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Galapagos study finds that new species can develop in as little as 2 generations

Mié, 11/22/2017 - 23:00
A study of Darwin's finches, which live on the Galapagos Islands in the Pacific Ocean, has revealed direct genetic evidence that new species can arise in just two generations.

The world needs to rethink the value of water

Mié, 11/22/2017 - 23:00
Research led by Oxford University, published today in Science, highlights the accelerating pressure on measuring, monitoring and managing water locally and globally. A new four-part framework is proposed to value water for sustainable development to guide better policy and practice.

Physicists develop faster way to make Bose-Einstein condensates

Mié, 11/22/2017 - 23:00
MIT physicists have invented a new technique to cool atoms into condensates, which is faster than the conventional method and conserves a large fraction of the original atoms. The team used a new process of laser cooling to cool a cloud of rubidium atoms all the way from room temperature to 1 microkelvin, or less than one-millionth of a degree above absolute zero.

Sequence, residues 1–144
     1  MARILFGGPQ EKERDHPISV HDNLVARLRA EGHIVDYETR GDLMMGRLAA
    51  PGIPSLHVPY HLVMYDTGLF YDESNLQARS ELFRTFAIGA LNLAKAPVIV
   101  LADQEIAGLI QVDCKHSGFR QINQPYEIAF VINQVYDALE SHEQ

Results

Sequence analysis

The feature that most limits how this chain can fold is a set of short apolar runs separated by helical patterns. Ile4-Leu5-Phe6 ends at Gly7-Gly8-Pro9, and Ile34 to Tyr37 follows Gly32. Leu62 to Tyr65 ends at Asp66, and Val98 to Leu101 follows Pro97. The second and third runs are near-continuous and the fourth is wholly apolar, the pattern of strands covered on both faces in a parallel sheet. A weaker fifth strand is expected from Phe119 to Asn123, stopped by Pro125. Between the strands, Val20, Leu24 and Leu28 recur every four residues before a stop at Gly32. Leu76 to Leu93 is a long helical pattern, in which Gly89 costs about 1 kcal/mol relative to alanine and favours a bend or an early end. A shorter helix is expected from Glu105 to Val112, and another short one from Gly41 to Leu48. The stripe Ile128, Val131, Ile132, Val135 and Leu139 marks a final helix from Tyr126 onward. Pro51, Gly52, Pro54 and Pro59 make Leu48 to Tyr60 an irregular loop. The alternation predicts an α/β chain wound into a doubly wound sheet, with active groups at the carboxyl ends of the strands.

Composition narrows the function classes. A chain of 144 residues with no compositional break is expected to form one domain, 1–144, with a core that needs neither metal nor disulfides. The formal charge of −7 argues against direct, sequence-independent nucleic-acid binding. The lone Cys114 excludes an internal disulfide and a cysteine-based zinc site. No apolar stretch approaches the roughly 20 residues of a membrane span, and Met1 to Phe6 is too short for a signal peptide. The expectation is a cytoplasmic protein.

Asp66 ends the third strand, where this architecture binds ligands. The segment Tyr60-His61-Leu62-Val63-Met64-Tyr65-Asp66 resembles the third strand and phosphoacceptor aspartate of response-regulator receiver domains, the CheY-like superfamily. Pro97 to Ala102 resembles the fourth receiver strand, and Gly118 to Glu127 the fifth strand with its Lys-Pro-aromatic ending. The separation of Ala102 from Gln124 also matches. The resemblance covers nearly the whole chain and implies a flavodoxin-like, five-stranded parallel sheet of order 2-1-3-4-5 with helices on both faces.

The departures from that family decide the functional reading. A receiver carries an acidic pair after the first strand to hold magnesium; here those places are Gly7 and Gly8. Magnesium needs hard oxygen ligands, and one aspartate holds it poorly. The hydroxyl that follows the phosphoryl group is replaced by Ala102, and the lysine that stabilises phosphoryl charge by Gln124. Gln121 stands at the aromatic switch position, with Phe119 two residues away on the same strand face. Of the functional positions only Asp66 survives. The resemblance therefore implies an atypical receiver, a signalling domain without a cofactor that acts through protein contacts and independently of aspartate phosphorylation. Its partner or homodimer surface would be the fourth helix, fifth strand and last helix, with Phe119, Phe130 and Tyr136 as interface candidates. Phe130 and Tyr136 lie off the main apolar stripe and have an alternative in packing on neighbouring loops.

How badly do you want something? Babies can tell

Mié, 11/22/2017 - 23:00
Babies as young as 10 months can assess how much someone values a particular goal by observing how hard they are willing to work to achieve it, according to a new study from MIT and Harvard. This ability requires integrating information about both the costs of obtaining a goal and the benefit gained by the person seeking it, suggesting that babies acquire very early an intuition about how people make decisions.

World's smallest tape recorder is built from microbes

Mié, 11/22/2017 - 23:00
Through a few clever molecular hacks, researchers at Columbia University Medical Center have converted a natural bacterial immune system into a microscopic data recorder, laying the groundwork for a new class of technologies that use bacterial cells for everything from disease diagnosis to environmental monitoring.

Antimalarial drugs could support existing cancer treatments in two-pronged attack

Mié, 11/22/2017 - 23:00
Antimalarial drugs chloroquine and hydroxychloroquine could make tumour cells more sensitive to cancer treatment.

Small but distinct differences among species mark evolution of human brain

Mié, 11/22/2017 - 23:00